Disaster, then, stems from a failure to design cities and infrastructure with respect for the environments they occupy. It is a byproduct of modern society’s pace, convenience, and economically driven paradigm for development. It’s a burden our society creates, then diverts to already marginalized communities.
The storm isn’t the disaster. It’s the preexisting cracks in our infrastructure, our systems of inequality, and our unwillingness to respect our environments that allow hurricanes and infectious diseases to become disasters.
The Dutch have embraced this paradigm of human-made disaster, building resilience into cities for decades. The majority of the Netherlands sits along or below sea level, its geography carved by coast-bound rivers and their many tributaries. These features make the Netherlands particularly vulnerable to flooding, storm surge, and sea level rise. The Dutch government spends over a billion dollars per year on flood infrastructure, paving the global path toward robust adaptation, disaster mitigation, and water management solutions. Today, the face of Dutch water solutions is that of a man named Henk Ovink. A renowned flood expert, special envoy to the United Nations, and world’s only “global water ambassador,” Ovink is an international sensation in the world of water management. He lives by the notion that disaster is human-made and travels the world to “preach the gospel” of prevention.
The world is watching as Ovink spearheads the movement to build resilience into Dutch cities. First approved and implemented in 2006, his “Room for the River” program aims to create space for the country’s natural river-driven geography to minimize vulnerability to people. The program is an assortment of several development projects and plans for land-use reform, all founded upon the virtue of building with nature. The program designs infrastructure to meet urban societal needs without interfering with natural processes or putting communities at risk of disaster.
First and foremost, the program widened river channels and surrounding floodplains to give stormwater buffer space to fill before spilling out onto the community. The program also subsidized the relocation of farmers and families living in the most vulnerable riverside regions of the floodplain. Of course, relocating communities is a complicated, sensitive, and sometimes unjust process. It took years of tearful negotiation before the floodplain was fully evacuated, but the overarching sentiment among prior residents appears to be one of understanding, fairness, and opportunity.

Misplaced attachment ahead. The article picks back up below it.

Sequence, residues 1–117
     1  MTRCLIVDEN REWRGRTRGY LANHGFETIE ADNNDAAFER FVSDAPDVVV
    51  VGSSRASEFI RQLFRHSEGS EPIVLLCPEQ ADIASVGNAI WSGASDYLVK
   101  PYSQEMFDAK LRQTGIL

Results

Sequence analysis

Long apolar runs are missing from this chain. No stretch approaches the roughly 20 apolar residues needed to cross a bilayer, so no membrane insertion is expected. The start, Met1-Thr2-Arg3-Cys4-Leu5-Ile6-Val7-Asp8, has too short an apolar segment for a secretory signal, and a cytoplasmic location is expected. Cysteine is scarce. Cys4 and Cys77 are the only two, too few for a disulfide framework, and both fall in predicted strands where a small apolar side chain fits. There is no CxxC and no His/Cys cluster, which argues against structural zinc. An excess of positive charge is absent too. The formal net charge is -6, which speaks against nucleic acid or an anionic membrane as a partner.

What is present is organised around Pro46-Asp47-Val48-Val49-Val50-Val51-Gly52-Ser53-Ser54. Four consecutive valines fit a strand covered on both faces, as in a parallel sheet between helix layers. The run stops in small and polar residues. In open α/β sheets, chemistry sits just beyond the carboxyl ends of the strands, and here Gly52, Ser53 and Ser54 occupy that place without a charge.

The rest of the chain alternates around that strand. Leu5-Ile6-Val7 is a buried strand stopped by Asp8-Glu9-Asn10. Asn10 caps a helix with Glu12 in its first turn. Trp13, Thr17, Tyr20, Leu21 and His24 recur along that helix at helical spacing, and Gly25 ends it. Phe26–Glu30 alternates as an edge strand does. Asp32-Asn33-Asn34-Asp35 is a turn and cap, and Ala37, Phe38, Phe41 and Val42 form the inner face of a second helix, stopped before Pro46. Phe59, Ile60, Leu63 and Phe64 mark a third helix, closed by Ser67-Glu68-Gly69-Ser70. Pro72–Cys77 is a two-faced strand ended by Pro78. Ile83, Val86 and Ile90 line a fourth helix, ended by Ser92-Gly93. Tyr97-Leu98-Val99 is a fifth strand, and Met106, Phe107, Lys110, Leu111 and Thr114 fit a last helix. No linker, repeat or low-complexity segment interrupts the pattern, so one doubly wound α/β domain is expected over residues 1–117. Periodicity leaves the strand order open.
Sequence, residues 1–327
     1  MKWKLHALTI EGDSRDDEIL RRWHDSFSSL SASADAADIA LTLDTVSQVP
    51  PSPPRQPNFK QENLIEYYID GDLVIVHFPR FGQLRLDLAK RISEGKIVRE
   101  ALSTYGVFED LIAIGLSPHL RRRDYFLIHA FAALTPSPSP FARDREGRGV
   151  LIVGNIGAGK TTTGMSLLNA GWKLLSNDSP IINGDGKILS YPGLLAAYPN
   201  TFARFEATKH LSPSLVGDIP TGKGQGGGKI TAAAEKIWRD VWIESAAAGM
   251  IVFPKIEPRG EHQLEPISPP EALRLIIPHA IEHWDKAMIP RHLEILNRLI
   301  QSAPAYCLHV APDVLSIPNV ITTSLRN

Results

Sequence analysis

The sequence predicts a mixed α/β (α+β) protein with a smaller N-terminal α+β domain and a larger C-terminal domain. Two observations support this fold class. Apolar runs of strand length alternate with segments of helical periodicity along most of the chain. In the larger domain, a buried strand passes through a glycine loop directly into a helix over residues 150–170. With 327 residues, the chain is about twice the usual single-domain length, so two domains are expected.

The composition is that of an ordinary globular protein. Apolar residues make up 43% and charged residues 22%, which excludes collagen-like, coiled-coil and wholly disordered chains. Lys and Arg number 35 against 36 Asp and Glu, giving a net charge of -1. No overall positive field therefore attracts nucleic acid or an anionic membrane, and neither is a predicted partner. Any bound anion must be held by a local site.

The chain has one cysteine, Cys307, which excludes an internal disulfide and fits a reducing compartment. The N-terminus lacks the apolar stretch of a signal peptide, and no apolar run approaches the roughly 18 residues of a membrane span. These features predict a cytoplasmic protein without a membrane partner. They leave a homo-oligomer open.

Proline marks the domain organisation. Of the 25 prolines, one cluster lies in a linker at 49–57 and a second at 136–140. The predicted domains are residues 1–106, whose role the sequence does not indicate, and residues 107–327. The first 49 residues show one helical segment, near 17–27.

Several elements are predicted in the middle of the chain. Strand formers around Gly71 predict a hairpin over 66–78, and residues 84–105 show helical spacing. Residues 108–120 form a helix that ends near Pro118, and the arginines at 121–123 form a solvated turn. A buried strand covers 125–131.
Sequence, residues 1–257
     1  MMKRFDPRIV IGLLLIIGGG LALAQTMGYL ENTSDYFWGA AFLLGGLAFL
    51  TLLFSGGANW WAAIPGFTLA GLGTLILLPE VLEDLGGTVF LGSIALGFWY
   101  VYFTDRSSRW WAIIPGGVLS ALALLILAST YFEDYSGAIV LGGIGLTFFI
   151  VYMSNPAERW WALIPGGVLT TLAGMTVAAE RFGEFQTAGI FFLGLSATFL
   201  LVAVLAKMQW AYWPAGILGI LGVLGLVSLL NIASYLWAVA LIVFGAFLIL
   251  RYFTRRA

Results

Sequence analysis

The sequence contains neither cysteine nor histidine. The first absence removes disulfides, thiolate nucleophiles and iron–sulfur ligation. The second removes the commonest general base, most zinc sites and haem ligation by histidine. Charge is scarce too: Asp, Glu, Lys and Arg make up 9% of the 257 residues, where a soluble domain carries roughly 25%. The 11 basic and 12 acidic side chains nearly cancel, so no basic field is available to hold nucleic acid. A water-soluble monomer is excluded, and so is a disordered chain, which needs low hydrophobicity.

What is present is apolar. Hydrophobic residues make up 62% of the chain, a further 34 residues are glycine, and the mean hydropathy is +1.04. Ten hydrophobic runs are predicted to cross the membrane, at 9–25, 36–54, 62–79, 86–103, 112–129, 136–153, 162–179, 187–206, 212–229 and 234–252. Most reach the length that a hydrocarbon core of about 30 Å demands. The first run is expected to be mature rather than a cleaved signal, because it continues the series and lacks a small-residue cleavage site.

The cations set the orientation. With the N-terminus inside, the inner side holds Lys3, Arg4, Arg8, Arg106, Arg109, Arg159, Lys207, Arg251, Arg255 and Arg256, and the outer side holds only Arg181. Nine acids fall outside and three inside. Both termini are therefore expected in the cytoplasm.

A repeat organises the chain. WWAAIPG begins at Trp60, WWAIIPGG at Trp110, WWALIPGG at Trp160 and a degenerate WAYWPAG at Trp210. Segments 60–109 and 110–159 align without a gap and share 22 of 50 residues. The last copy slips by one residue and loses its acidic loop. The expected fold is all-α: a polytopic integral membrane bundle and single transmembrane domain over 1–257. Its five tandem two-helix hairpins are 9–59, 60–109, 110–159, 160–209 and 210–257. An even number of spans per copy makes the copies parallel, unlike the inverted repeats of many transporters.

In addition, the program birthed one massive, $500 million storm surge barrier where the Rhine River meets the sea in Rotterdam to protect the city from the worst of storms. Other modified dyke systems and flood channels were constructed to protect residential areas from water as second-level reinforcements for the widened river. Ultimately, the program sets a high standard for integrating environmental needs, community safety, and climate adaptation into urban design, acting as a valuable model for cities across the globe.
As the world looks to the Dutch to build our own resilient futures, Ovink reminds us that the Netherlands has not always been immune to flooding disasters. In the winter of 1953, the Netherlands endured their own devastating hurricane. Prior to 1953, the country’s primary defense against flooding was a series of levees and dykes initially built in the 13th and 14th centuries. The Dutch relied on these dated, wall-like structures as their only prevention strategy, heightening and reinforcing them over time. But when the great 1953 storm hit, the levees and dykes collapsed. Warnings were issued by radio in the middle of the night, but most people were asleep in their beds when the water arrived. Over 1,800 people were killed and 200,000 houses destroyed. To this day, the 1953 flood is remembered as the most destructive disaster in Dutch history.
In the decades that followed, the Dutch learned from the failures of the dyke system and used disaster as an opportunity to rebuild smarter. Just weeks after the flood, a Delta Committee composed of the best Dutch civil engineers was formed to inhibit future large floods. Prevention, proactivity, and resilience came to dominate the country’s attitude toward disaster, laying the groundwork for innovative, disaster-resilient planning.
The country’s commitment to building smarter and working with nature has paid off. In the 67 years since the great 1953 disaster, not a single person in the Netherlands has died due to flood.
The US’s approach to disaster is entirely different from the Netherlands’ paradigm of prevention. The American approach favors responding to the aftermath of disaster rather than forward-thinking adaptation, leaving already marginalized communities to bear the weight of existing urban injustice. FEMA is notoriously criticized after any and all disasters in the US, often for inadequate funding, slow response, or the wrong relief measures entirely. Katrina and the turmoil that followed completely exposed the flaws in FEMA’s priorities while distributing aid.